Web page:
Early Buddhism continues its impeccable lack of existence in US academia

Some may be, but in the government-funded grant systems I’m familiar with (in the science and engineering area), the decisions are made by committees of researchers and reviews are obtained from experts around the world. Of course, it’s not perfect, and there are guidelines and processes that are designed to push things in certain directions determined by policy decisions for the particular fund (e.g. some funds might require some connection with local industry, other may be focused on fundamental research).

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Funding as I understand it typically graduates towards those scholars and movements that are seen as “successful”, where success is largely associated with the approval of their peers, via peer-reviewed publications, or else simply getting hired. You can’t just say, “people need funding” therefore “the scholars in a field have no agency”. It’s reductive.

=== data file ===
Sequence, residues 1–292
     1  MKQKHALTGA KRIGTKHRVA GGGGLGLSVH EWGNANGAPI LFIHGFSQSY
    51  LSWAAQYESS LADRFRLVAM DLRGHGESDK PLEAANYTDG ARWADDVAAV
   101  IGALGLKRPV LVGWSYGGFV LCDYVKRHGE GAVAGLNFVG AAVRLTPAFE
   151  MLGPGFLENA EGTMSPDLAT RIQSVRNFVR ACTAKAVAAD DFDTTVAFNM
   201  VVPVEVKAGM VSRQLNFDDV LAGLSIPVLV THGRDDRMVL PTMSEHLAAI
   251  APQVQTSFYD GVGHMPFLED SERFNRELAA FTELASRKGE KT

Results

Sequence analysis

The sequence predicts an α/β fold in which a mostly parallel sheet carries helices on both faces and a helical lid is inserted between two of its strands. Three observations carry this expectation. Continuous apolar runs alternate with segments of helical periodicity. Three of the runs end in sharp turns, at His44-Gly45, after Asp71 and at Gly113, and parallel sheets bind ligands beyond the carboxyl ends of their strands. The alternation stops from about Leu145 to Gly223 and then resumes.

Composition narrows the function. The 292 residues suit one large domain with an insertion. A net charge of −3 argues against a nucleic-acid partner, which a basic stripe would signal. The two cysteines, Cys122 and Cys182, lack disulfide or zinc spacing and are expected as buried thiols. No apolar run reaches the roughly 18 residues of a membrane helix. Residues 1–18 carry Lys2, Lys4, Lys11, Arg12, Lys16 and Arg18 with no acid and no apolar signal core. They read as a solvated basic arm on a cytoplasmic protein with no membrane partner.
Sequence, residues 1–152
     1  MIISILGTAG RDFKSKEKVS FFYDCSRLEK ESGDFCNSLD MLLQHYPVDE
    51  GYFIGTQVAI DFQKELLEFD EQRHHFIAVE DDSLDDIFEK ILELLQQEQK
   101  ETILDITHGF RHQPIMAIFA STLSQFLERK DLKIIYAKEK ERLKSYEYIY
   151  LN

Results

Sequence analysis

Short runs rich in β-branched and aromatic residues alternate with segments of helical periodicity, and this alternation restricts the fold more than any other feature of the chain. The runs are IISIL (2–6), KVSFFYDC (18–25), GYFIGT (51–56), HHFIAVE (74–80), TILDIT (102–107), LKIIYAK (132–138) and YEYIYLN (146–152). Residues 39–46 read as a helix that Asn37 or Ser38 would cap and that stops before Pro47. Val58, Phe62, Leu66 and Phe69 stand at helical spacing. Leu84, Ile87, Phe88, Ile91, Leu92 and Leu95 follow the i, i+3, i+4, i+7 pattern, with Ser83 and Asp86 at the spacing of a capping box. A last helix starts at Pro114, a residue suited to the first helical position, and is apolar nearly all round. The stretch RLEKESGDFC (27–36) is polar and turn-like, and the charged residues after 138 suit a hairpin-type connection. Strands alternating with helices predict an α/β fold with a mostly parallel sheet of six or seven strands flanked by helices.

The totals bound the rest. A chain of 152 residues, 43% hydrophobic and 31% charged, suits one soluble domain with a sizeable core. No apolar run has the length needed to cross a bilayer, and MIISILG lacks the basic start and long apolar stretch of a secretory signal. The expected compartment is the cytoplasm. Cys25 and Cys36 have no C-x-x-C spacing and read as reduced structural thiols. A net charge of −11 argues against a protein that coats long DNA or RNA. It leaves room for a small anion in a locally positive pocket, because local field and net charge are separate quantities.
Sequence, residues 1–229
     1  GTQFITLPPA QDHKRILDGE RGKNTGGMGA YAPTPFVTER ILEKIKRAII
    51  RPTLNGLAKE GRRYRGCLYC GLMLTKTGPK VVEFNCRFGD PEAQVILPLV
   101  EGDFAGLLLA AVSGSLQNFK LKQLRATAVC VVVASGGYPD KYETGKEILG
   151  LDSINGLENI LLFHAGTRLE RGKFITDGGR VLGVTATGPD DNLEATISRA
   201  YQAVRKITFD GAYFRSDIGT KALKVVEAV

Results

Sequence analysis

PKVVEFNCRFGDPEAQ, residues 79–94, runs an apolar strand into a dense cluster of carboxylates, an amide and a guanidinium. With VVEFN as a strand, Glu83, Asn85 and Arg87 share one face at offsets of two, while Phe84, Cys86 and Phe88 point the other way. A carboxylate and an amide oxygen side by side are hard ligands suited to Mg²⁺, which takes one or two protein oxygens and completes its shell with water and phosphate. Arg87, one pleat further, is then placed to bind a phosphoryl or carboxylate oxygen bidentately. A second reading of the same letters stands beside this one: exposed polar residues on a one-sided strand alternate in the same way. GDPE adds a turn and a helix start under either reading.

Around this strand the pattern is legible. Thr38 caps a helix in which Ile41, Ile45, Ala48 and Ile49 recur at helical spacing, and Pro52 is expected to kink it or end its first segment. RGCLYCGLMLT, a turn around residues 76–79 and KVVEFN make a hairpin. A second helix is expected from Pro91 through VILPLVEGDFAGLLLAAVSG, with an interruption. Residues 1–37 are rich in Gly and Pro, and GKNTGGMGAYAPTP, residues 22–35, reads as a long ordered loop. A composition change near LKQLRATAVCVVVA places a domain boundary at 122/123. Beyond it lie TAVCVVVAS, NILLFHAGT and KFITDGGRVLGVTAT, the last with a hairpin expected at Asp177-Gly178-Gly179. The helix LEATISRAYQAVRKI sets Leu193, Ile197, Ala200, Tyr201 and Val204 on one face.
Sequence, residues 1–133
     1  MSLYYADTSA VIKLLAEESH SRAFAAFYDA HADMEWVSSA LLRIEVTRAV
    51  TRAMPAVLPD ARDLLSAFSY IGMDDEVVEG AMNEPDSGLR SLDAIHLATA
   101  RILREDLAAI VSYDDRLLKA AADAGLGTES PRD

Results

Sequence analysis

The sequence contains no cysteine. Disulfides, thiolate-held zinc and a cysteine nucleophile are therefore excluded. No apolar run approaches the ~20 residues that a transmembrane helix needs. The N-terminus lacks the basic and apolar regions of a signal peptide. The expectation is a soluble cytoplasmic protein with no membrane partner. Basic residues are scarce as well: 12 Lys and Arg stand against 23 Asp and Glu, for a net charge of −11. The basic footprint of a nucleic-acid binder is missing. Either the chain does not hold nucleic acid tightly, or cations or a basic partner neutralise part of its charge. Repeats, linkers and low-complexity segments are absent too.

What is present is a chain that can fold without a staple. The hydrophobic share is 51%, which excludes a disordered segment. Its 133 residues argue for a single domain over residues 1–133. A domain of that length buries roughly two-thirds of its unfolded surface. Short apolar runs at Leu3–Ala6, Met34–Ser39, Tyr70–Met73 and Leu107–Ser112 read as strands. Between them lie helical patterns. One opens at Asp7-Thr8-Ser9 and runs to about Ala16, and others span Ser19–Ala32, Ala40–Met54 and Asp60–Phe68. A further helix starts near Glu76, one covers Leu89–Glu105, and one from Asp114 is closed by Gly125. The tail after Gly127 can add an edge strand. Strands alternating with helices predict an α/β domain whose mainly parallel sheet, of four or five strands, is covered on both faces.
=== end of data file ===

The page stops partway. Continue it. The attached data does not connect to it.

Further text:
Buddhist scholars in the US have chosen to embrace Schopenism and all that followed because they believed what he was saying was true and meaningful. They didn’t have to.

Anyway, if it were true, every paper on Buddhism would end up proving that fossil fuel extraction is a good thing!

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Bhante not entirely related to your post here, but I recently finished reading (for a 2nd time) Authenticity of the Early Buddhist Texts and found it to be quite useful and inspiring. I’ve been reading a few of your other essays here on D&D recently and appreciate all the little technicalities and nuances that you point out within the various texts/suttas.

I thought this last paragraph from Authenticity to be quite nice and inspiring for one’s practice.


Much gratitude to you and Ajahn Brahmali for this wonderful resource. :anjal: